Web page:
Additionally, if you use Word Press for your website, I’d also recommend installing Jetpack. It comes with all sorts of useful widgets, one of which is a basic statistics program. Though you won’t be able to do any manipulation or dig into the data very far, it’s often good enough to give you a general idea.

Finally, most publishing platforms come with some sort of basic statistics modules. This will allow you to track sales, geography of purchases and several other metrics. One of the limitations here is that you track exactly what the distributor allows you to track. Almost always, their statistics are better than what you are given access to.

STEP 3: TAKE A STEP BACK, WAIT, AND LOOK FOR PATTERNS TO EMERGE
Chances are that you already have an audience that is interacting with your web page. So, the very first thing that you’ll need to do after installing any new statistics software is to allow for time to pass. Initially, I’d recommend continuing as you were for three weeks to a month so you can get a feel for how your business runs before you make any changes. Without a baseline, you’ll have no idea what is “normal” behavior and what is a reaction to a change you make. I’d also recommend establishing a new baseline each time you make a major alteration to to your business strategy.

Once you get to the point where you start running social experiments (Step 4), you’ll need to be willing to take a step back from the keyboard. Statistics takes patience. You can’t reasonably expect your consumers to respond immediately to your actions. Also, the initial reaction of a consumer group isn’t necessarily going to be their long term response. I’ve spoken to several indie authors who have tried raising the price on their books only to see an immediate drop off in sales. At that point, many of them lowered the unit price in a panic and swore they’d never ask for more money. However, *some* of the authors who stuck it out and let their new price stand for a few months noted that their sales returned back to their original baseline or even increased! Patience is key. So is being willing to risk and knowing how much you are willing to risk.

XKCD_CorrelationSOURCE: http://xkcd.com/552/

The bulk of statistics is finding the long lasting, consistent patterns in the noise. You want a change you can believe in. Just because you see a big spike, doesn’t mean that one event was caused by the other, nor can you even say that the spike is significant. Let’s say you spend $100 on advertising and sell 15 more books than your baseline sales. The next week, you spend another $100 and sell 2 more books than your baseline sales. Chances are that there is some deeper explanation in the first spike that differentiated it from the second. Any consumer group is going to have patterns in how they choose to spend their time and money. Find those patterns that represent a real response and you’ll be able to take advantage of them.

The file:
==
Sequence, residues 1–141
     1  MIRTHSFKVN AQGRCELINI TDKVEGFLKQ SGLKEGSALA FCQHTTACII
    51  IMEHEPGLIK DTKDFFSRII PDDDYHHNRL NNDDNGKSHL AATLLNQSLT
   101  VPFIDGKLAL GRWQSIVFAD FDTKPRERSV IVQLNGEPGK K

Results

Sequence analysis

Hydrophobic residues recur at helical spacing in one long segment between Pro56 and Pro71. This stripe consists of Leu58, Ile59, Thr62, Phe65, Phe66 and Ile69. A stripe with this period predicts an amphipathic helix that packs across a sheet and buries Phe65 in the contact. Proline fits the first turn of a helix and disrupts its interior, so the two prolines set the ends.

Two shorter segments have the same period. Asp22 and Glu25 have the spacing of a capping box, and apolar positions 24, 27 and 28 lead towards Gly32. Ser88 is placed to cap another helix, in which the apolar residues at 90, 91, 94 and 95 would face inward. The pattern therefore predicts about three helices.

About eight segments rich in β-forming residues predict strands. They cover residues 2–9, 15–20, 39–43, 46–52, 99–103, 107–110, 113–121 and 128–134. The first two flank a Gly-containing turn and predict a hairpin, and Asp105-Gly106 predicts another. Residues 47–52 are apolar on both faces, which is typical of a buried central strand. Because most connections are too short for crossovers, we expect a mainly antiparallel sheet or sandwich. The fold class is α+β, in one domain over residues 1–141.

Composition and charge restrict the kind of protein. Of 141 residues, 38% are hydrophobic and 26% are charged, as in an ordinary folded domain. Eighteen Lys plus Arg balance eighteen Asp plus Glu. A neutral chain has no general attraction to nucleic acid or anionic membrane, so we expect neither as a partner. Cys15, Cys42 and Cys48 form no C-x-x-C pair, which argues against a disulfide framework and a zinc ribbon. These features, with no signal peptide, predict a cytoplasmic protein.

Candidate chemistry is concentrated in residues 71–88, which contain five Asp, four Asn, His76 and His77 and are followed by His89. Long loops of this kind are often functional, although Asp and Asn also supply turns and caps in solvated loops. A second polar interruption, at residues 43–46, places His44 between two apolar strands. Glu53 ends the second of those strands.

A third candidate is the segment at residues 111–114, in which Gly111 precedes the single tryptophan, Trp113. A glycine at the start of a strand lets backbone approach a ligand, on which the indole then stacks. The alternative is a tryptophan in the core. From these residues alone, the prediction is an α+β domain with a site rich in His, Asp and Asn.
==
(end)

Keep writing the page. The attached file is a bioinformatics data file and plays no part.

Let’s take my own website, www.NathanBarra.com, as an example. When I first looked at my own baseline, I noticed spikes of activity first thing in the morning, for a couple hours around lunch time, and in the evening. Additionally, I tended to see a spike in views on Mondays. Over the course of the week, the number of page views slowly died out until no one visited over the weekend. These patterns repeated over a the course of the month, so I had faith that they were a true look at my audience. Once I had the baseline, I needed to understand what the patterns meant.

STEP 4: INTERPRET THE PATTERNS
Now it is time to go back to the goals we established in Step 1. Are you into writing to make money? In that case you should be tracking the Number of Units Sold and how many visitors Click Through from your website to a point of purchase. Additionally, you can gain some insight if you pay attention to your Audience’s Geographical Origin. If you plan to do a book tour, make sure you go to the places where you have lots of fans. If you have no readers in a particular region, try to find out why. Are your marketing dollars beings spent to reach the widest audience possible? Are your books even available to that audience? Do you need to devote more advertising money to that demographic? Additionally is your marketing proving effective? Do you see any spikes up to a new plateau or steady growth in purchases following a marketing push or promotion period?